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(1967). International Journal of Psychoanalysis. XLVI, 1965: Diagnostic Skills and Their Growth in Psychoanalysis. Anna Freud. Pp. 31-38.. Psychoanal Q., 36:312-313.
Psychoanalytic Electronic Publishing: International Journal of Psychoanalysis. XLVI, 1965: Diagnostic Skills and Their Growth in Psychoanalysis. Anna Freud. Pp. 31-38.

(1967). Psychoanalytic Quarterly, 36:312-313

International Journal of Psychoanalysis. XLVI, 1965: Diagnostic Skills and Their Growth in Psychoanalysis. Anna Freud. Pp. 31-38.

In Psychoanalysis and Developmental Psychology (1950), Hartmann expresses the revolutionary view that direct observations can be used as 'indicators of structurally central and partly unconscious developments …'. Anna Freud pursues the same line of thought in showing how surface observation of the child can prove useful for diagnosing the patient's state and can help decide for or against analytic treatment, but it must not be mistaken for a technical device serving analytic interpretation. By focusing on the functioning of the ego during evaluation one can note areas of repression, reaction-formation, poor

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control, narcissistic withdrawal, etc., and can draw conclusions about the underlying drive content and stages of development in which unresolved conflict began. But one must expect the analysis to reveal additional areas of conflict and modes of coping with it, and anticipate that surface behavior and symptomatology derive from wider sources of conflict than are visible on direct examination. Much additional knowledge of early stages of development has been gained from direct observation of children—for instance, the fact of separation anxiety and much concerning the whole preverbal relationship of mother and child—but these discoveries were made by analytically-trained observers, and all-important facts such as the sequence of libido development and infantile complexes with their manifest derivatives remained unnoticed until reconstructed from analytic work.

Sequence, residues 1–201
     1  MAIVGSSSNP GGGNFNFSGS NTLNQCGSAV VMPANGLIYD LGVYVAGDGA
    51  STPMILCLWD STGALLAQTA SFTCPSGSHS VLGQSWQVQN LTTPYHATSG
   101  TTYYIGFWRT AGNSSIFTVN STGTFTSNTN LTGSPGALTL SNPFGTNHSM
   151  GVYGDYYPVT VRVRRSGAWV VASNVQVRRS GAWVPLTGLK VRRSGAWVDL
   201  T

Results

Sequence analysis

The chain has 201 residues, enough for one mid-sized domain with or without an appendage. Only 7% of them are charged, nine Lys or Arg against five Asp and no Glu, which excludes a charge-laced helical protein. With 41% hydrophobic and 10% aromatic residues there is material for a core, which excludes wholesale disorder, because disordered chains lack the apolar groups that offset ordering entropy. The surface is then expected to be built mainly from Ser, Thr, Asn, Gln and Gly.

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Article Citation

(1967). International Journal of Psychoanalysis. XLVI, 1965. Psychoanal. Q., 36:312-313

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